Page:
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LabVIEW Embedded - Performance Testing - Different Platforms

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Hi all,

 

I've done some performance testing of LabVIEW on various microcontroller development boards (LabVIEW Embedded for ARM) as well as on a cRIO 9122 Real-time Controller (LabVIEW Real-time) and a Dell Optiplex 790 (LabVIEW desktop). You may find the results interesting. The full report is attached and the final page of the report is reproduced below.

 

Test Summary

 

 

 

µC MIPS

Single Loop

Effective MIPS

Single Loop

Efficiency

Dual Loop

Effective MIPS

Dual Loop

Efficiency

MCB2300

  65

    31.8

49%

      4.1

  6%

LM3S8962

  60

    50.0

83%

      9.5

16%

LPC1788

  120

    80.9

56%

    12.0

  8%

cRIO 9122

  760

  152.4

20%

  223.0

29%

Optiplex 790

6114

5533.7

91%

5655.0

92%

 

Analysis

 

For microcontrollers, single loop programming can retain almost 100% of the processing power. Such programming would require that all I/O is non-blocking as well as use of interrupts. Multiple loop programming is not recommended, except for simple applications running at loop rates less than 200 Hz, since the vast majority of the processing power is taken by LabVIEW/OS overhead.

 

For cRIO, there is much more processing power available, however approximately 70 to 80% of it is lost to LabVIEW/OS overhead. The end result is that what can be achieved is limiting.

 

For the Desktop, we get the best of both worlds; extraordinary processing power and high efficiency.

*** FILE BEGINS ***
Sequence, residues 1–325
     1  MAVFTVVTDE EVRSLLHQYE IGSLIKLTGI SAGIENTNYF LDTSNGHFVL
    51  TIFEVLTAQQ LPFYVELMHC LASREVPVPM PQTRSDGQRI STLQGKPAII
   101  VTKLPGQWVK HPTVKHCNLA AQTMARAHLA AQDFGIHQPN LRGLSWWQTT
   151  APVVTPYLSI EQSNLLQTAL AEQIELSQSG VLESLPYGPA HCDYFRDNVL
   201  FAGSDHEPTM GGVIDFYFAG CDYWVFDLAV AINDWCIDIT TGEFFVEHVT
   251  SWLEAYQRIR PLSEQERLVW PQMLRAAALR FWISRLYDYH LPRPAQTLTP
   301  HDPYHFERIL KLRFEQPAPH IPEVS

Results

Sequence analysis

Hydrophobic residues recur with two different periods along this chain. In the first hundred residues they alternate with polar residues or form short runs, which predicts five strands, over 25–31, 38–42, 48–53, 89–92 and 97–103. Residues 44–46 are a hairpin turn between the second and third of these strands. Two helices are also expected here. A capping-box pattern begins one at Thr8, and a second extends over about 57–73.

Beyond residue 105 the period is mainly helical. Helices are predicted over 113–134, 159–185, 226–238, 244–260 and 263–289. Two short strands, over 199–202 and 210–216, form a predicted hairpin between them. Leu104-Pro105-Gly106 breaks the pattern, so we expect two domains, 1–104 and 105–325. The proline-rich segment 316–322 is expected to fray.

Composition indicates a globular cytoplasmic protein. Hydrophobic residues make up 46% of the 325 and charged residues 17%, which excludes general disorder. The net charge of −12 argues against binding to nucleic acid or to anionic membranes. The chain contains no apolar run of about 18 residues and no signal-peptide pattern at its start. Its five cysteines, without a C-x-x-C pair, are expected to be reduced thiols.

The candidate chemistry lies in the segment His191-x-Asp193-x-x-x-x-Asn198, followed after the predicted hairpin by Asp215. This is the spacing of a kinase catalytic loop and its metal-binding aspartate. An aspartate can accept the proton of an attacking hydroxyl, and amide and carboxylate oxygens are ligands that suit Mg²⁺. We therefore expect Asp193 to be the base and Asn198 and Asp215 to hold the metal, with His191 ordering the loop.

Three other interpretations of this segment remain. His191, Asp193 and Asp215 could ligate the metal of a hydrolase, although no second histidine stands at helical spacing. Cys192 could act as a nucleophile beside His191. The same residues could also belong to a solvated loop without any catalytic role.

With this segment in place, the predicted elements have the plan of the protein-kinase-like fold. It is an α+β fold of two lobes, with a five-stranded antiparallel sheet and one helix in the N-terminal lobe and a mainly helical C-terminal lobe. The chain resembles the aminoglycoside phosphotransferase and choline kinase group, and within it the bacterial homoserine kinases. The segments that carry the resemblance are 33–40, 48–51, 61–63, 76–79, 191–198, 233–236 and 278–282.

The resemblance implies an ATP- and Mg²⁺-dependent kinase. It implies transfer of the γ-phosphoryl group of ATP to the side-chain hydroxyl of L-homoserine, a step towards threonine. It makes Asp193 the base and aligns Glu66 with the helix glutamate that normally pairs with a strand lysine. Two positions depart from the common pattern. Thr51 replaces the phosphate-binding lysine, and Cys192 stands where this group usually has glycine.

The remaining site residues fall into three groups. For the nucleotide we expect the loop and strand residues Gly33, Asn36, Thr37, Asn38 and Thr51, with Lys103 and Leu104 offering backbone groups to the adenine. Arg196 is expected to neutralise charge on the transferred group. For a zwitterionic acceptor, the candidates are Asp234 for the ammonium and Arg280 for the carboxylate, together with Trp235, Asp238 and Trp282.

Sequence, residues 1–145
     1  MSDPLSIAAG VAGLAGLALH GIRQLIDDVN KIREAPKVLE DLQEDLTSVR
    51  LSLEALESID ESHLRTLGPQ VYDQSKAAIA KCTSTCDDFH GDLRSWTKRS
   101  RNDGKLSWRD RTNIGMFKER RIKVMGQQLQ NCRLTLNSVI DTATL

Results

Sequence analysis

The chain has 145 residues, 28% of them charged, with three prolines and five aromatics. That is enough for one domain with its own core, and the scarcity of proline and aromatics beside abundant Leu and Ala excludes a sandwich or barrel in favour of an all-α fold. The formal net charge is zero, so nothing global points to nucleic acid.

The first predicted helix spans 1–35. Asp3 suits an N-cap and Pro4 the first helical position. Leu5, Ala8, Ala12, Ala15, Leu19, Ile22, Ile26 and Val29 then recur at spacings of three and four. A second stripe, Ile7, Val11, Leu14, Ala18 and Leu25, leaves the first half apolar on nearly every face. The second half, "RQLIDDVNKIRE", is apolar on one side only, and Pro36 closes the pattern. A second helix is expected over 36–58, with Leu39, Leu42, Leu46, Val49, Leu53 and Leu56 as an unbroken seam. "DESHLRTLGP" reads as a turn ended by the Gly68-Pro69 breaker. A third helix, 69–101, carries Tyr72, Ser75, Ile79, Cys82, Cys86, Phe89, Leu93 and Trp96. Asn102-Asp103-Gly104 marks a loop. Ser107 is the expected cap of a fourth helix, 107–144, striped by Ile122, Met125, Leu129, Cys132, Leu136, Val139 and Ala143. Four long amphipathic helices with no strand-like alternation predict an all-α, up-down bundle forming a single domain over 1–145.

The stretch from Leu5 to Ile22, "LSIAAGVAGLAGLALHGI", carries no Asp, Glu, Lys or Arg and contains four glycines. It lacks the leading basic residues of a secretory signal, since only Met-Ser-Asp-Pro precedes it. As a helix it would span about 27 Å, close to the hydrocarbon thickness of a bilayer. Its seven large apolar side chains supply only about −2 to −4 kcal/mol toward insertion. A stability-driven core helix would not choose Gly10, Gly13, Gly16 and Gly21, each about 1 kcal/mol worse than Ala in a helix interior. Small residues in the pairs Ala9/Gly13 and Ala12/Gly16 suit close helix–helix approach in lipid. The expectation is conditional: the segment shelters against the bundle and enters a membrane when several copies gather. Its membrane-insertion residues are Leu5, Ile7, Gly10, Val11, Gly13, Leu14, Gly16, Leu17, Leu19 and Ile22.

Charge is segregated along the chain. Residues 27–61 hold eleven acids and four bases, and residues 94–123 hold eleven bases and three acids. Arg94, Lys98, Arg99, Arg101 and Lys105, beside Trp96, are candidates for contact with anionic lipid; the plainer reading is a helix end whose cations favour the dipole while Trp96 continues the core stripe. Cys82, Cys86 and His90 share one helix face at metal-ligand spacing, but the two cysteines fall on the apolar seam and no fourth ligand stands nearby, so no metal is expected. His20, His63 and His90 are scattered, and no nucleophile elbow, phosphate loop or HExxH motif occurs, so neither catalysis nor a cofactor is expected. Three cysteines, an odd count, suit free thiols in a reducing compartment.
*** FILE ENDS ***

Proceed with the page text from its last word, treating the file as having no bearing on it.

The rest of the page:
Speculation on why LabVIEW Embedded for ARM and LabVIEW Real-time performance is so poor puts the blame on excessive context switch. Each context switch typically takes 150 to 200 machine cycles and these appear to be inserted for each loop iteration. This means that tight loops (fast with not much computation) consume enormous amounts of processing power. If this is the case, an option to force a context switch every Nth loop iteration would be useful.

 

Conclusion

 

 

LabVIEW Embedded

for ARM

LabVIEW Real-time for cRIO/sbRIO

LabVIEW Desktop for Windows

Development Environment Cost

High

Reasonable

Reasonable

Execution Platform Cost

Very low

Very High / High

Low

Processing Power

Low (current Tier 1)

Medium

Enormous

LabVIEW/OS efficiency

Low

Low

High

OEM friendly

Yes+

No

Yes

 

LabVIEW Desktop has many attractive features. This explain why LabVIEW Desktop is so successful and is the vast majority of National Instruments’ software sales (and consequently results in the vast majority of hardware sales). It is National Instruments’ flagship product and is the precursor to the other LabVIEW offerings. The execution platform is powerful, available in various form factors from various sources and is competitively priced.

 

LabVIEW Real-time on a cRIO/sb-RIO is a lot less attractive. To make this platform attractive the execution platform cost needs to be vastly decreased while increasing the raw processing power. It would also be beneficial to examine why the LabVIEW/OS overhead is so high. A single plug-in board no larger than 75 x 50 mm (3” x 2”) with a single unit price under $180 would certainly make the sb-RIO a viable execution platform. The peripheral connectors would not be part of the board and would be accessible via a connector. A developer mother board could house the various connectors, but these are not needed when incorporated into the final product. The recently released Xilinx Zynq would be a great chip to use ($15 in volume, 2 x ARM Cortex A9 at 800 MHz (4,000 MIPS), FPGA fabric and lots more).